Insulin resistance is a fully reversible condition in which the cells of the body become insensitive to the insulin signal, which itself is designed to take glucose (sugar) out of the blood and into the cells (for energy). If insulin resistance becomes severe enough, it progresses into type II diabetes. Diabetes is more difficult to reverse, and is associated with frequent urination, increased weight, increased thirst, and a host of other problems.
The connection between obesity, insulin resistance, diabetes and mental health problems is no longer questioned. There are number of reasons for the association, including the use of psychotropic medications which cause weight gain, and promote the metabolic syndrome; the social stigma associated with obesity and the lifestyle changes associated with diabetes; and inflammatory activation due to poor diet, high insulin and glucose levels, which in turn changes brain neurochemistry.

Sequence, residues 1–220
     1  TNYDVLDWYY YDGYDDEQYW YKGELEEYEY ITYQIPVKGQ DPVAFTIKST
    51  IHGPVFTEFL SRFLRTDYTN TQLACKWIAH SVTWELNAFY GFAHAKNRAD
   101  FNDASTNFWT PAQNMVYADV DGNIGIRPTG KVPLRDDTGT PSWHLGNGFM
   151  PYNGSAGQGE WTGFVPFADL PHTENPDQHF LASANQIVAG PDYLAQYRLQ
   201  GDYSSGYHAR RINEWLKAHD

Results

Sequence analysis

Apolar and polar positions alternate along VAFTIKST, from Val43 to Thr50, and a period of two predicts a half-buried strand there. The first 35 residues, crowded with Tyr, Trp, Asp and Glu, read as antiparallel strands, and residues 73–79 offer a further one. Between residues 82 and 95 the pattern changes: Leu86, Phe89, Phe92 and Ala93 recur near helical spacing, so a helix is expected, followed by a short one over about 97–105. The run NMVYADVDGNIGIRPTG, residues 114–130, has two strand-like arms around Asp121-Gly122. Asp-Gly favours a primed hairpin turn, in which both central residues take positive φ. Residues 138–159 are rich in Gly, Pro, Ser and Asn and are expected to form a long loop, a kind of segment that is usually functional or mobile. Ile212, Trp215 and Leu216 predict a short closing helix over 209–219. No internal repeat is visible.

A recent study (McIntyre et al. brain volume abnormalities and neurocognitive deficits in diabetes mellitus: points of pathophysiological commonality with mood disorders?: Adv. Ther. 2010 Feb;27(2):63-80. ) reviewed the literature on brain changes in type one and two diabetes, and concluded that the brain areas which are affected in mood disorders and DM diabetes mellitus, significantly overlap. The association is so compelling that one article in 2007 (Ann. Clin. Psychiatry; 2007 Oct-Dec;1994):257-64) was titled: “Should Depressive Syndromes Be Reclassified as “Metabolic Syndrome Type II”. The association with diabetes (and obesity and insulin resistance) extends beyond just mood disorders, to anxiety disorders, and major psychiatric syndromes such as bipolar disorder and schizophrenia.